What to Consider

When choosing a brush to apply polyurethane to your projects, you should consider the type of poly you’ll be using. Polyurethane is available in water-based and oil-based solutions. Not all brushes are ideal for both.

Water-based polyurethane is thin and can be applied effortlessly with most brushes, even foam options. I find it most convenient to use a brush with natural bristles for water-based poly because they soak up the thinner medium better. You might want to opt for a foam brush for thinner polyurethanes to avoid loose bristles, but I recommend choosing cheap, disposable foam brushes, as they won’t last through multiple uses.

Oil-based polyurethanes are thicker and most comfortable to apply with a brush that has fine polyester bristles. These will soak up enough of the thicker poly to make application straightforward, and they can fan out and provide better coverage than stiffer, natural bristles. I recommend against foam brushes for oil-based poly.

Using Polyurethane as a Top Coat Over Existing Paint

Many woodworkers use polyurethane as a protective coating over previously painted surfaces. The application process is more or less the same, but you may want to do a very light sanding with high-grit sandpaper on the paint before applying your poly. This will give you a smooth surface that will accept the polyurethane more readily and make for a smoother finished surface.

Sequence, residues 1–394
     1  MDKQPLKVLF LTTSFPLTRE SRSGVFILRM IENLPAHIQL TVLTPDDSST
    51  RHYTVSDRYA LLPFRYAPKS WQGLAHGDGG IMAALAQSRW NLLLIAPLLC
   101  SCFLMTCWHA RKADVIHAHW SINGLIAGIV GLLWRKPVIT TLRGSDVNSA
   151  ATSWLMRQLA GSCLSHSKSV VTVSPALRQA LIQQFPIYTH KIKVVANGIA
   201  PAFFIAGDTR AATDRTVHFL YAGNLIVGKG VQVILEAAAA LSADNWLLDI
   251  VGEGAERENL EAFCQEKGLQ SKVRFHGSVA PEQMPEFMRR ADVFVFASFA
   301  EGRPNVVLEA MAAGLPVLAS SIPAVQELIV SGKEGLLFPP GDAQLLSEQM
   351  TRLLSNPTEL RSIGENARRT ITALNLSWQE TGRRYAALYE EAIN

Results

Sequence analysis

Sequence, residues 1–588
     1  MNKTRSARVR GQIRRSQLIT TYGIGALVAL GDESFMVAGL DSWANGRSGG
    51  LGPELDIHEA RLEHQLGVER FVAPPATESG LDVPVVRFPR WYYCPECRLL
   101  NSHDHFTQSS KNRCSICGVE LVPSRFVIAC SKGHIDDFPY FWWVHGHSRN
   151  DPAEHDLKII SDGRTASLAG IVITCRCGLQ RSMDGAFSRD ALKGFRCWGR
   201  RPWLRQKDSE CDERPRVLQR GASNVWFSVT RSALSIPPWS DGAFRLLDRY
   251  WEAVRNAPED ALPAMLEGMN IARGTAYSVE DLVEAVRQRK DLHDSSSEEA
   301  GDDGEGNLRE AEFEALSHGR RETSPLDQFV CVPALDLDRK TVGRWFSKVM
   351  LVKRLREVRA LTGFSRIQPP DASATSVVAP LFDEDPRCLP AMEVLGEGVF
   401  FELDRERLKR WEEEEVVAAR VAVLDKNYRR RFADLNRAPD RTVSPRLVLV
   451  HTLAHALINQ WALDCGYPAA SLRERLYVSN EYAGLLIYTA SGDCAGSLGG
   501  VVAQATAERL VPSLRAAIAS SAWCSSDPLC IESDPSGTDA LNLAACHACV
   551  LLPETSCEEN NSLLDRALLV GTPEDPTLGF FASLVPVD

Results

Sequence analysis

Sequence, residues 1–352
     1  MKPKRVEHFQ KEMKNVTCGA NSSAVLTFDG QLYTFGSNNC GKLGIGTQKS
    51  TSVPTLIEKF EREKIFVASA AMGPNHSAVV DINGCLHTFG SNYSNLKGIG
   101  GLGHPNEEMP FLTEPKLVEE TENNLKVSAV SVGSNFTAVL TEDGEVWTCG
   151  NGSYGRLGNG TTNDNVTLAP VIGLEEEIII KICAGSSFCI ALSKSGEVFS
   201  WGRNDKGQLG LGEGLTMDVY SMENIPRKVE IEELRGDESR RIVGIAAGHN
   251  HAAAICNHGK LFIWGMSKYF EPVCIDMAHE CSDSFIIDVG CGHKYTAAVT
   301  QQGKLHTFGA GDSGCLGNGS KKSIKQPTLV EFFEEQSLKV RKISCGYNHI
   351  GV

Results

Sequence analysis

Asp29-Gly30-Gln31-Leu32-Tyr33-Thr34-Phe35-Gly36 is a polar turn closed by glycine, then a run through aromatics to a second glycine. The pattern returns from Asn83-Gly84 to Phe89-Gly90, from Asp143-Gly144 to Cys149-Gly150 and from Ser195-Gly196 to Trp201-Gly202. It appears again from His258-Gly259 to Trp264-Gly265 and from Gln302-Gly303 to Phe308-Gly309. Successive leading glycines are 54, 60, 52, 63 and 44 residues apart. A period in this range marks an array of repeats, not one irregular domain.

For more information on how to apply poly over paint, check out this video:

Wrapping Up: Which Brush is Best for Polyurethane?

As simple as a paintbrush may seem, there are a variety of options available, and the brush you use for polyurethane should be chosen to suit the medium and your project.

Although no brush is ideal for all types of work, my favorite brush for applying poly is the Wooster Brush 5221-2 Angle Sash Paint Brush. It has a super comfortable handle and bristles that flex easily for effortless application. The hairs don’t come out and get stuck in your work, and the tips are fine enough to get a clean surface that doesn’t require sanding.

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Dan Simms

Dan's interest in woodworking began while watching his dad build furniture in a pieced-together home workshop. He inherited old but reliable tools from his father and quickly became enamored with the ability to make something out of nothing. Starting with a simple picture frame and moving onto building all the furniture for his house, he's proud to have begun his own home workshop, built a stronger relationship with his dad through the craft, and developed a love of all things woodworking.